Even with Australia’s vast share of uranium reserves “100% nuclear” is a stretch and no authority is proposing it. The low carbon future will likely be a diverse mix. If you’re going to prognosticate out to mid-century, however, including an energy technology which can last till then is probably a great idea.



5 thoughts on “The Bottom Line

  1. You’d think AGL would be more cautious after terminating their networked home battery trial
    It seems to show that lithium ion is not the right medium for bulk energy storage until they can cheaply recycle most of the materials. Snowy 2 PHES will have a capacity of 350 Gwh a decade from now, a lot of that stored energy via eastern states coal burning. The NEG paper suggested 105 Gwh was needed in the NEM and other blogs (eg Euan Mearns) suggest 500 Gwh or more. I’m not sure if they can always reverse Snowy 2 quickly enough to help SA. Cultana Hills pumped seawater at around 1.5 Gwh will probably never be built given the mothballing of Yanbaru in Japan.

    A 500 MW SMR would be great for Liddell NSW, another for Hazelwood Vic and one for power and desal on Eyre Peninsula SA.

    • If a 1600MW unit is too large for the NEM, which must be close to true, then a single 500MW unit in SA may also be too large.

      There are a few ways to look at this, but in layman’s terms it is reasonable to expect that N+1 generation sources available, when N is the number of the largest sources necessary to meet the load at any instant.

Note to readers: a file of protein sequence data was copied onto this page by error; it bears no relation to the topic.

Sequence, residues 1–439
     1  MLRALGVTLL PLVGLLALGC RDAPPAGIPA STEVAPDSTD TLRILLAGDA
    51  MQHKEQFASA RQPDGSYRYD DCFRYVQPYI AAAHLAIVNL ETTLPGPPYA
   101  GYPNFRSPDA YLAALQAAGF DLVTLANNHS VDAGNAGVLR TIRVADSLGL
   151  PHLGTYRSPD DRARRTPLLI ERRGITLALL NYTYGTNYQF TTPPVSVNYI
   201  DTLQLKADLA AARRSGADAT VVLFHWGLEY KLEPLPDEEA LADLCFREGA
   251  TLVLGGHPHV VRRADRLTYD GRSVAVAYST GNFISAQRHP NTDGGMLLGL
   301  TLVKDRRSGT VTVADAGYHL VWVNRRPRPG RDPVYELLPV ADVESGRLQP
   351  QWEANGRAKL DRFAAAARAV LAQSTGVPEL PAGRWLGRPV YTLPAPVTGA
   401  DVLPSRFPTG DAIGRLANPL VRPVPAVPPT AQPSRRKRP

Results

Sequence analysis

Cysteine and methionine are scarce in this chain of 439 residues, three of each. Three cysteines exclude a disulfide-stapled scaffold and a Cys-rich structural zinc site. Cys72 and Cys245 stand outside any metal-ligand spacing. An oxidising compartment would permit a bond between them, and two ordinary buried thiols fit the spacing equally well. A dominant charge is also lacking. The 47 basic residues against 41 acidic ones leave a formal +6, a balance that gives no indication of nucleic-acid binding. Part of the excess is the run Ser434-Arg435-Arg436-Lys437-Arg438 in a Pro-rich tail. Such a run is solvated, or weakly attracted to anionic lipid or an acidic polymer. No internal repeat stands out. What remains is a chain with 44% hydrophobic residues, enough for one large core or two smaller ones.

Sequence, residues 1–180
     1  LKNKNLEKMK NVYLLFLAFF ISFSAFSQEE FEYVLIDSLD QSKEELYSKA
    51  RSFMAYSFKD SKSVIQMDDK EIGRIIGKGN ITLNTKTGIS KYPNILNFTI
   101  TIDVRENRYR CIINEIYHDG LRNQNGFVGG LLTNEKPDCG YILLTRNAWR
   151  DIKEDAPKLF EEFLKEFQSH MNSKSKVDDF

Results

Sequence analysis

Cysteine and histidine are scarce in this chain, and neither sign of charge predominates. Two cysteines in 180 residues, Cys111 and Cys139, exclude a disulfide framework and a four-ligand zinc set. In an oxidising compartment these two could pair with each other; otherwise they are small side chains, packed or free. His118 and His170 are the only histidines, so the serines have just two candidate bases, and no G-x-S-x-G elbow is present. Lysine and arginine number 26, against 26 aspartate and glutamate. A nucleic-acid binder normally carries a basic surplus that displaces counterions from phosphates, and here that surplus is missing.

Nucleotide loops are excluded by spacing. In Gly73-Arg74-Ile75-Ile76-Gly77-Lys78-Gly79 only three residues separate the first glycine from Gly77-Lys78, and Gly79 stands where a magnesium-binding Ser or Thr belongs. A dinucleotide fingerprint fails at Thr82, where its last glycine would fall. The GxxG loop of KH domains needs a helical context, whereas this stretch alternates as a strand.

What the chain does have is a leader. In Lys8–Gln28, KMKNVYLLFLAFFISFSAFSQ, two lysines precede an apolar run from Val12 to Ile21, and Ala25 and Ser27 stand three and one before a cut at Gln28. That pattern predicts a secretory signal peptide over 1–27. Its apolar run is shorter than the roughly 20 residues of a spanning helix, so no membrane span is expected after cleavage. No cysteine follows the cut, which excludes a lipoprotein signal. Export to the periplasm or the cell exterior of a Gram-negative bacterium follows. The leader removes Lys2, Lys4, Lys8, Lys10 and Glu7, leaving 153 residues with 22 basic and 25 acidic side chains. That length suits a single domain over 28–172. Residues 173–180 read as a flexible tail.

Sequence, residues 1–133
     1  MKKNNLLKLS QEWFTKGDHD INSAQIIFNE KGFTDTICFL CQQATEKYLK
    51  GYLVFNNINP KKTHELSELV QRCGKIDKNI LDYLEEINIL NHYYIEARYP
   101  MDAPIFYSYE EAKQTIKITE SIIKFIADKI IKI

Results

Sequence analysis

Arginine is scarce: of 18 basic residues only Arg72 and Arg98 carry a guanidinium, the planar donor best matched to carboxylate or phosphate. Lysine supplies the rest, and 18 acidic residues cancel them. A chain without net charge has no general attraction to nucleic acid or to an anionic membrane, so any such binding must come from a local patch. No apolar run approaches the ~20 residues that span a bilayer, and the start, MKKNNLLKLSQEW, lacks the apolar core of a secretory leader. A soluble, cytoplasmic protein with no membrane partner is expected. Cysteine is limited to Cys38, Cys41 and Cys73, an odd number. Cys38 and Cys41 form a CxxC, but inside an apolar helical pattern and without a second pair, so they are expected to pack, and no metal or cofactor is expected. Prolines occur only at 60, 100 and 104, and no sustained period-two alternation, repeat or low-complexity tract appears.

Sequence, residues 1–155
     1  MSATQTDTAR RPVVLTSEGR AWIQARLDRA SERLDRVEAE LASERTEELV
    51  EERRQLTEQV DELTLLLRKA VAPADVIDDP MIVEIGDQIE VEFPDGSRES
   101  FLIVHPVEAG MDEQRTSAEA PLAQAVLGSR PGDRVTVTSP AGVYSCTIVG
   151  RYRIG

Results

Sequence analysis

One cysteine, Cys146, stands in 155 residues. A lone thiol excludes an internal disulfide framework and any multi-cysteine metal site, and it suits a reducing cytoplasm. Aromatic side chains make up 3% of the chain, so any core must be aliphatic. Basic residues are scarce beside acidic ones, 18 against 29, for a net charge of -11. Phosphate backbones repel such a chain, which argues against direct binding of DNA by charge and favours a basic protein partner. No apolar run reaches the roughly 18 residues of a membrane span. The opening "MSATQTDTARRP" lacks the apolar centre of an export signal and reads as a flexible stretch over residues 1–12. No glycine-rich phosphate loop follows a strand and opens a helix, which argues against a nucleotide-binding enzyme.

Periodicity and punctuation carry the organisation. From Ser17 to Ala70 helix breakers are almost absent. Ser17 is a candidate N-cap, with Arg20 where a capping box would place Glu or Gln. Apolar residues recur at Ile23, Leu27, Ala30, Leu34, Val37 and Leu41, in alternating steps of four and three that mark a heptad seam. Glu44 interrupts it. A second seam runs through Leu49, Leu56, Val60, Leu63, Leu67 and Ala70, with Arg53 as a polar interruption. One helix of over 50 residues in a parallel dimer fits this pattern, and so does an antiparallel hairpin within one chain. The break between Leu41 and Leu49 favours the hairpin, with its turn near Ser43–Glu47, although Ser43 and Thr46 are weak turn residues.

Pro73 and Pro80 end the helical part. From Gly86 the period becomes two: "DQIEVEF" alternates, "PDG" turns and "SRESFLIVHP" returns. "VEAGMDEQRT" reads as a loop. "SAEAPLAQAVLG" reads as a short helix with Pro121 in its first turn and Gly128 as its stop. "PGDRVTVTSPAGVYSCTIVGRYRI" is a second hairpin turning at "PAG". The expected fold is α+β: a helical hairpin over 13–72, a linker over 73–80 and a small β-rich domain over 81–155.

The rationals is that the “+1” can be called upon if the largest unit fails for any reason.

      Assuming that the Heywood interconnector is running at close to its permitted capacity during system peaks, then even though its capacity is 700MW or more, it won’t be standing idly by.

      That leaves other forms of generation to catch the shortfall.

      Consideration of this quickly could lead to a largest unit size of 350 or so MW, which is also within possibility of an SMR.

      My suggestion to SA would be that they consider a pair of co-located units in the 300 – 350 MW range, with the second planned for commissioning 3 to 5 years after the first, thus also meeting natural load growth.

      Similar discussion in NSW, where there are a dozen units in the 660MW class, might lead to selection of standardised units in the range 350 – 500+ MW, depending on cost and plant layout constraints, maybe even up to 1000MW, although that is well out of SMR territory.

      The generation discussion must move from exclusive focus on “Nuclear Yes/No?” to “Replacement large generators, perhaps nuclear, with total new NEM capacity of >15GW When/Where/How Large?”

      The separate but parallel discussion will be “Energy storage: How much, What cost, When, Where?” – Capacity range 100 to 1000 GWh.

      It is past time for the likes of Get UP! and related to discover the urgency and magnitude of these issues, because Australian political parties seem to be scared to view electricity generation, especially using nuclear power, other than as a wedge issue. Thus the negatives real and imagined are flogged regularly and the positives never get a run in the race.

  2. A minute ago NEM-Watch showed SA generating nearly 1000 MW of gas fired electricity yet the Moomba pipeline dates from 1969, half a century ago. The 5,000 tonnes or so of U308 that Olympic Dam produces every year (at half pace) goes to make large amounts of reliable electricity outside Australia while we play with batteries. Due to grid fears Olympic Dam is installing 30 MW of backup diesel which they supposedly gave up when they connected to the NEM. That diesel is mostly refined in Asia with national imports costing $9.5 bn a year. I think it would be wise for SA not to depend so much on gas, diesel, batteries or interstate imports.